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Geography Matters- Adventures of Huckleberry Finn
Transcript of Geography Matters- Adventures of Huckleberry Finn
Matters Geography Matters - Chapter Outline Geography is vital to what the author is trying to convey.
It has many factors:
The physical geography
How the physical geography and climate effect the people.
Changing the setting of the story can have a significant effect on both plot and characterization.
Setting can also be indicative of theme. Mark Twain Adventures of
Huckleberry Finn Citation #1 "We had mountains on the Missouri shore and heavy timber on the Illinois side, and the channel was down the Missouri shore at that place, so we warn't afraid of anybody running across us. We laid there all day, and watched the rafts and steamboats spin down the Missouri shore, and up-bound steamboats fight the big river in the middle" (Twain 69). "On the river front some of the houses was sticking out over the bank, and they was bowed and bent, and about ready to tumble in. The people had moved out of them. The bank was caved away under one corner of some others, and that corner was hanging over. People lived in them yet, but it was dangersome, because sometimes a strip of land as wide as a house caves in at a time. Sometimes a belt of land a quarter of a mile deep will start in and cave along and cave along till it all caves into the river in one summer. Such a town as that has to be always moving back, and back, and back, because the river's always gnawing at it" (Twain 140). Citation #2 Mountains represent obstacles and isolates the characters.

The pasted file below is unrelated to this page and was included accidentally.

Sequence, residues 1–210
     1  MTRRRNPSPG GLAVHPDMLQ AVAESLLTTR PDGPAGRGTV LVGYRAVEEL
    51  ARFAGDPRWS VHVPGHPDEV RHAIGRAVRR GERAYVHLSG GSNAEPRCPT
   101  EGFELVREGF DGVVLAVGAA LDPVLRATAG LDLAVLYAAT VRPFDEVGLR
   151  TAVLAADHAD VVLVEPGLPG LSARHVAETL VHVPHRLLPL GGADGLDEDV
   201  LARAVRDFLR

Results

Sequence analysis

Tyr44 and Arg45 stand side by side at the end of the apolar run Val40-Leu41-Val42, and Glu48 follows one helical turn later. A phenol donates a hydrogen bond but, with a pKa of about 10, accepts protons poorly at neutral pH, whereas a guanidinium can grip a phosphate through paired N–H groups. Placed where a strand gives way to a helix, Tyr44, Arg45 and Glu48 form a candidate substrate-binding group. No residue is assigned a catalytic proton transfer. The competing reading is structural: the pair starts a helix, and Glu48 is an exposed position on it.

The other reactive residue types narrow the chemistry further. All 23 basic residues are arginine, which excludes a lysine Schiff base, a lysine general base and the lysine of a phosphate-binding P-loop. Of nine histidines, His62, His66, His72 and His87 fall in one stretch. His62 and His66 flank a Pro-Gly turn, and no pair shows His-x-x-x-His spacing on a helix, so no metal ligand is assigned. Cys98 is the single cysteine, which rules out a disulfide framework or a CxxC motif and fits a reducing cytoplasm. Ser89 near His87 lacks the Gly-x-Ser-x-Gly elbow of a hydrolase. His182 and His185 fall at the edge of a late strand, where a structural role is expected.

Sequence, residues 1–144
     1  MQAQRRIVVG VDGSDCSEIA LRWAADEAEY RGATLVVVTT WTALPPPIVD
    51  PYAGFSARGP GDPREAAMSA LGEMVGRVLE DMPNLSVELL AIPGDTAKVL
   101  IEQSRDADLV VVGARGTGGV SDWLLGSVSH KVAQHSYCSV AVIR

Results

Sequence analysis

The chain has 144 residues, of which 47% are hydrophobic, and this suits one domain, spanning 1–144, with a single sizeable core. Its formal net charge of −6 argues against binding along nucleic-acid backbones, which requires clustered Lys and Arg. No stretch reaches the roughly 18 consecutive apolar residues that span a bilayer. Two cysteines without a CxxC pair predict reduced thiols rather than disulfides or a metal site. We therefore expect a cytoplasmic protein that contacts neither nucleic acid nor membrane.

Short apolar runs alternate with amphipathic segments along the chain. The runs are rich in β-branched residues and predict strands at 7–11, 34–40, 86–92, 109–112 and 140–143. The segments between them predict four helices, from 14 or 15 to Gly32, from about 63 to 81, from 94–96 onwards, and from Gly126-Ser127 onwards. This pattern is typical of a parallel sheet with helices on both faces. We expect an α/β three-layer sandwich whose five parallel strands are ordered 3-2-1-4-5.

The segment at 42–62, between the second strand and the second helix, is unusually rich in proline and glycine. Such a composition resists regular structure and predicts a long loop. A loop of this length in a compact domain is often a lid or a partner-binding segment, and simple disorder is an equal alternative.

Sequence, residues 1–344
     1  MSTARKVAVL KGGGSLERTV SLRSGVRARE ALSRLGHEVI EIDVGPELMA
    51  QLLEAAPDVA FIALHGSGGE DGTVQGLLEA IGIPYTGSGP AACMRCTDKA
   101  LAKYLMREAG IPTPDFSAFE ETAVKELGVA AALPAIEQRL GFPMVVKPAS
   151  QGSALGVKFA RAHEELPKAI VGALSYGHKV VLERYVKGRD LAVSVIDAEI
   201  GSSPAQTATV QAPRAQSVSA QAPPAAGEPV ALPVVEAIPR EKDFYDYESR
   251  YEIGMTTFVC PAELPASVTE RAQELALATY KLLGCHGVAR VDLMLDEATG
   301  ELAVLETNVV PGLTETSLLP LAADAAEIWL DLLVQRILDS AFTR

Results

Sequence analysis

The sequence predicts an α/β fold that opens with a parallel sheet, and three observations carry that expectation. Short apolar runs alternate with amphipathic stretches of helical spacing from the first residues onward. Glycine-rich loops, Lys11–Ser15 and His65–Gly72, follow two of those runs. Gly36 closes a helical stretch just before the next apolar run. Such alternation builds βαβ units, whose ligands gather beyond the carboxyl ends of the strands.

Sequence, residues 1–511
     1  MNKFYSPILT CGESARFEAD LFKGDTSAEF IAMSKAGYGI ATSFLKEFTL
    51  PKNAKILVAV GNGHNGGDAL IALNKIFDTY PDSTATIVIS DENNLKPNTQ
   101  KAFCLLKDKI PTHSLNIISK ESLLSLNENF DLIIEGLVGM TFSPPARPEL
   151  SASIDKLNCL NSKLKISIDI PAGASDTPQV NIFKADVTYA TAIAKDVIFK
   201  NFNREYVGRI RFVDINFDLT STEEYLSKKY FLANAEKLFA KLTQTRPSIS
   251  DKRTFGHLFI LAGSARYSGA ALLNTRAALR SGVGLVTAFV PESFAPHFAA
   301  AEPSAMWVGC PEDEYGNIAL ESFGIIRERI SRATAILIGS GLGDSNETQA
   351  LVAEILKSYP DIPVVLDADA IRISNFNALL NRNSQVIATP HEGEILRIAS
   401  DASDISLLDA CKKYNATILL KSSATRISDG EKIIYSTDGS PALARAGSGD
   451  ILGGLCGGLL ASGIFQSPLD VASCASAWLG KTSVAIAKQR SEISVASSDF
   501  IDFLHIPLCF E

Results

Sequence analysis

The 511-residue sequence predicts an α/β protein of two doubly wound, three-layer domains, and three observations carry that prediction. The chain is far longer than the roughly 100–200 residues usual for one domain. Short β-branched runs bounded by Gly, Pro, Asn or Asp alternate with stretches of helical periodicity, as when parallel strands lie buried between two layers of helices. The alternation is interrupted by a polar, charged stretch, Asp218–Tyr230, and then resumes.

Timber represents protection and knowledge of each other.
Going south signifies escape.
The river can produce aid or obstacles.
River supplies direction, but also confusion.
Water signifies the renewal of their journey.
Feel free. - The geography represents change.
- Responses from the inhabitants are symbolic.
- Shows the dangers of ignoring change and sticking too rigidly to what is known. Commentary #1